Additional illustrations are judiciously placed throughout the grammar. For example, on the crucial issue of mastering Participles, Black offers 34 sentences with translation in the body of the text.

This is a "must have" resource for first year Koine Greek students - and is well worth a second look by instructors who have chosen other texts.
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50 of 51 people found the following review helpful By A Customer on August 9, 2000
Format: Hardcover
For anyone who is tring to learn Greek but is not already a linguistics expert this book is written for you. It divides the language into easy to swallow lessons that gradualy brings you through an introductory course. rather than learning everything about one area of the language before moving on it teaches you enough to get to the next lesson and pretty soon you can write simple sentances. from there he goes back and equips you with more vocab and a better understandign of grammer so that your sentances can get more and more complex.
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34 of 34 people found the following review helpful By Jeff VINE VOICE on December 15, 2009
Format: Hardcover
This review is written by someone learning Greek on their own. I hope this is helpful for someone in the same situation or for someone who is brushing up on Greek learned in the past.

I have looked extensively at a couple of the other popular beginning Greek grammars although I won't be doing any direct comparisons.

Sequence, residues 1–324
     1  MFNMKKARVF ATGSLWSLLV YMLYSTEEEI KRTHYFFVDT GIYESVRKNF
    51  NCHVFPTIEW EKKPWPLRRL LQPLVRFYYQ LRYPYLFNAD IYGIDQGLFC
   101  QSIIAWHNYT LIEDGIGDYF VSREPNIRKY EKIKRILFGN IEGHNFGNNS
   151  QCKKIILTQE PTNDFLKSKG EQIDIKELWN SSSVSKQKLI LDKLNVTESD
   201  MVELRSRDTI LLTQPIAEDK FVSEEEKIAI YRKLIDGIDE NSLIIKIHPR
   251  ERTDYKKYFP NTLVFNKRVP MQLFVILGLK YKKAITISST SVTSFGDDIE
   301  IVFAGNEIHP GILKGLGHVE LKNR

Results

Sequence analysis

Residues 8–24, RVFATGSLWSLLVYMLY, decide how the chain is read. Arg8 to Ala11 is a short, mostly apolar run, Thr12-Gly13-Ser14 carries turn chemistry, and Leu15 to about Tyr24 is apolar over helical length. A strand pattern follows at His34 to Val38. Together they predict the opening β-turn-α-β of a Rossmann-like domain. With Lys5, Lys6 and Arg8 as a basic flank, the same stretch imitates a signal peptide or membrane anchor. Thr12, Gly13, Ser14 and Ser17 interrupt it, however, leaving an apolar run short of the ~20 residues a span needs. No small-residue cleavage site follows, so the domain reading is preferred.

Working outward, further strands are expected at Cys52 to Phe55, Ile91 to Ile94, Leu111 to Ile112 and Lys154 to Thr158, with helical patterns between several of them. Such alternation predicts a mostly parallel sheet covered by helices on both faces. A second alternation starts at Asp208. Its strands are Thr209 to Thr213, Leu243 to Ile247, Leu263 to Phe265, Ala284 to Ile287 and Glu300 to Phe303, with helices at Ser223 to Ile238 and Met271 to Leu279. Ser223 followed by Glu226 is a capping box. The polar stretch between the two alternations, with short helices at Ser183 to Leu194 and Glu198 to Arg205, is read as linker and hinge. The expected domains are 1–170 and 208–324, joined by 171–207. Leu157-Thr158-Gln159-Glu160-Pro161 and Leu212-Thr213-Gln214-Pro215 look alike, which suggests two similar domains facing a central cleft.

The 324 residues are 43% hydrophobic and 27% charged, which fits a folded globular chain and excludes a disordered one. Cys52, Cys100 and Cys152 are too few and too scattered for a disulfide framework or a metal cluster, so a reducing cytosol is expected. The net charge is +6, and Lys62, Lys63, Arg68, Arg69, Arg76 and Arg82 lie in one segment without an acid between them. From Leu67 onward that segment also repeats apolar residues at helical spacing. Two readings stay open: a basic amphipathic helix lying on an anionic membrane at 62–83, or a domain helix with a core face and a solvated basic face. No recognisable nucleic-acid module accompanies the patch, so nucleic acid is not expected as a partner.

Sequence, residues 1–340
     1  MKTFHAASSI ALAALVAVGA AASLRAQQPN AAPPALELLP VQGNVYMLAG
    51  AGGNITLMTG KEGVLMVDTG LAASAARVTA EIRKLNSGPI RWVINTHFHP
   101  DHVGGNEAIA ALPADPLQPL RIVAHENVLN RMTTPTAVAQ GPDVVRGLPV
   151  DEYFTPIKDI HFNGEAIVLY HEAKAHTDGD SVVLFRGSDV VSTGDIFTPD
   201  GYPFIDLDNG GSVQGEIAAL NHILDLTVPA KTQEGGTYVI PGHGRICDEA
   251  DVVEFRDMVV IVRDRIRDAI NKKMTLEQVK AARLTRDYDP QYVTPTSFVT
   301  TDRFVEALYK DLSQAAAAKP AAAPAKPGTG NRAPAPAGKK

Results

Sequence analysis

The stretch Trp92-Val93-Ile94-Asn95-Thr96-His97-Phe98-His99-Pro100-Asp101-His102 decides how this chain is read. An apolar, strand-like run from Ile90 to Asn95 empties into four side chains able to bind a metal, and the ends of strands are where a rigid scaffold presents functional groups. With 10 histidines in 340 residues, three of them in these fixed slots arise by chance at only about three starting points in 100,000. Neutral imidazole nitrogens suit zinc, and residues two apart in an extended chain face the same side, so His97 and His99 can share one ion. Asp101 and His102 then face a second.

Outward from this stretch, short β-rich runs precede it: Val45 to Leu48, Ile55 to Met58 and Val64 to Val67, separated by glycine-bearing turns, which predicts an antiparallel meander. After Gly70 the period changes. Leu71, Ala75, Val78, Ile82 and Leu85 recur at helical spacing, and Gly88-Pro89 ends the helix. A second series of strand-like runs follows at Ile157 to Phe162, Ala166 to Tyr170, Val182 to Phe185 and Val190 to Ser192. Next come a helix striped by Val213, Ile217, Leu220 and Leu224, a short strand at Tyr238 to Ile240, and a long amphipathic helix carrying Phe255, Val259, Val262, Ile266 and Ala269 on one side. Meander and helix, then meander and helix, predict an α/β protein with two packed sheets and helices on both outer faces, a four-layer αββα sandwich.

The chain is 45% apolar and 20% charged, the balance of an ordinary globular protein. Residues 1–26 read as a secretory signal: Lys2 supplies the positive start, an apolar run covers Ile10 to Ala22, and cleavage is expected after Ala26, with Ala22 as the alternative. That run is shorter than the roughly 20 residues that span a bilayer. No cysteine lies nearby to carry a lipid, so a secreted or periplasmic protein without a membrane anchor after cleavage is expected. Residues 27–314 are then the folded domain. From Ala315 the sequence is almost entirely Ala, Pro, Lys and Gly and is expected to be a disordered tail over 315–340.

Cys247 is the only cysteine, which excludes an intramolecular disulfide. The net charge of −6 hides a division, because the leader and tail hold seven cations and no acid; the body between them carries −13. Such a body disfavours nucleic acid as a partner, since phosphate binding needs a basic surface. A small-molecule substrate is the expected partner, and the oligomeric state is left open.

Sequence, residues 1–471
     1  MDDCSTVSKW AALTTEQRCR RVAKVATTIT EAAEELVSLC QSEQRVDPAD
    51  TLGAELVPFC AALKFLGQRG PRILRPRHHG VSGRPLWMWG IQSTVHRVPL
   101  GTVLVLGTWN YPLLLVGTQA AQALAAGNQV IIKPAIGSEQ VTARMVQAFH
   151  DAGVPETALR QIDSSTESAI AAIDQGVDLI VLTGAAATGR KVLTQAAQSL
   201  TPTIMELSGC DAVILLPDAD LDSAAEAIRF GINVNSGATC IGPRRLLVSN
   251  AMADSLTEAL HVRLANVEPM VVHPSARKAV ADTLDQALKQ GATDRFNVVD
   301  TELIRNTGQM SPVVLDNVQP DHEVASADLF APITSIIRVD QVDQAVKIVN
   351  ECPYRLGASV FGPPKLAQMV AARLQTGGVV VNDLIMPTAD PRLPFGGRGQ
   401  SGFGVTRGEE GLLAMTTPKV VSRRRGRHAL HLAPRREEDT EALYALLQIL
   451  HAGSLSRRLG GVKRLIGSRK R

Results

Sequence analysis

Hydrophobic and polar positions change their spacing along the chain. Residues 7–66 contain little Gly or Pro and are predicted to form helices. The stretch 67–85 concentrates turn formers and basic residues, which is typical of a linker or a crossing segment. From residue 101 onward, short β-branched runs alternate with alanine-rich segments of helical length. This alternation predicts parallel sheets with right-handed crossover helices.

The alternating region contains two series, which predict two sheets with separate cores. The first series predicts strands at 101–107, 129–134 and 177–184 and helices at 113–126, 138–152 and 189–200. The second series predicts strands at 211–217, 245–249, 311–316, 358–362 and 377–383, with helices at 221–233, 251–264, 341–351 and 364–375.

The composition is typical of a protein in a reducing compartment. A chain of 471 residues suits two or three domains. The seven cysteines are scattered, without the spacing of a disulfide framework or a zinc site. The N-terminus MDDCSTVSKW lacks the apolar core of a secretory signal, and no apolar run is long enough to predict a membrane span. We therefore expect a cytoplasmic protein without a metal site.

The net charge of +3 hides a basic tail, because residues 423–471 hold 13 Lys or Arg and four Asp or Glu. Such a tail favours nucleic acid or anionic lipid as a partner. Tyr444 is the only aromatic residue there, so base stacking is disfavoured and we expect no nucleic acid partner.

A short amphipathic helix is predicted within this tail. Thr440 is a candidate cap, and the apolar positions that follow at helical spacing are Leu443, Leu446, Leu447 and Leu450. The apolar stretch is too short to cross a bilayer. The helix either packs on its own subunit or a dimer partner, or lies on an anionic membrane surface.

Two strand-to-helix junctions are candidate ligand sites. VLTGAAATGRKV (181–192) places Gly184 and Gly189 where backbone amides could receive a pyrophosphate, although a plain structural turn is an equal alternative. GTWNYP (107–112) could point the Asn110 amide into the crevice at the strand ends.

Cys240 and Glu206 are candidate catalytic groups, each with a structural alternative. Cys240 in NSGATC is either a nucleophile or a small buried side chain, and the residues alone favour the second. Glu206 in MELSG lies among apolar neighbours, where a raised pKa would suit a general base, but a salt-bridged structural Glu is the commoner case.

Regarding the aesthetics, the hardcover is very sturdy in addition to being very appealing to look at. The black cover is a nice tie-in to the author's last name. The paper is high quality, crisp and white which takes to a highlighter very well. The conjugations are in gray shaded boxes which helps them stand out and makes them easy to locate when wanting to go back and review them. The only thing I don't like is that the font chosen for the Greek is a little less formal than what most of us are used to seeing which takes a little while to get used to.

In a word this book is efficient. There are no chapter overviews, introductions, summaries, what you'll learn in the next chapter, etc. which is usually annoying anyway. The author gets right down to business in each chapter. Each of the 26 chapters are short enough that you don't need those things.

This doesn't mean the book's information is skimpy. You will learn a lot of the important terms so that when you read a more technical Bible commentary or read what others write about Greek, you will have learned or at least have a reference for the terms at the beginning level which are explained well.

The exercises for the first 17 chapters of the book are made-up sentences in Greek that the student translates. All of the words in the sentences are from vocabulary that has been learned previously in the book.

Starting in chapter 18, Bible verses are used for the exercises.
Read more ›
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30 of 30 people found the following review helpful By Debbie's neighbor on September 14, 2009
Format: Kindle Edition
This review won't be worth anything except to those who want to use it on Kindle. The book appears to be written in a straight-forward, easy-to-understand manner. The problem is that it doesn't work well for use on Kindle.

Some of the letters within the text aren't representative of the Greek letters (an h for a lower case eta, for example). At the points where one is to read a paragraph of Greek text for practice, the text is very small and the letters are not clear. Increasing the Kindle text size only increases the size of the English text, not the representative Greek texts to be read for practice, so I found the Greek text to be unreadable.

If you're considering purchasing this as a Kindle download, try the sample first to see whether it will be of use to you. I have the original Kindle; I have no idea if it will work better on the new one or on one of the smartphone apps.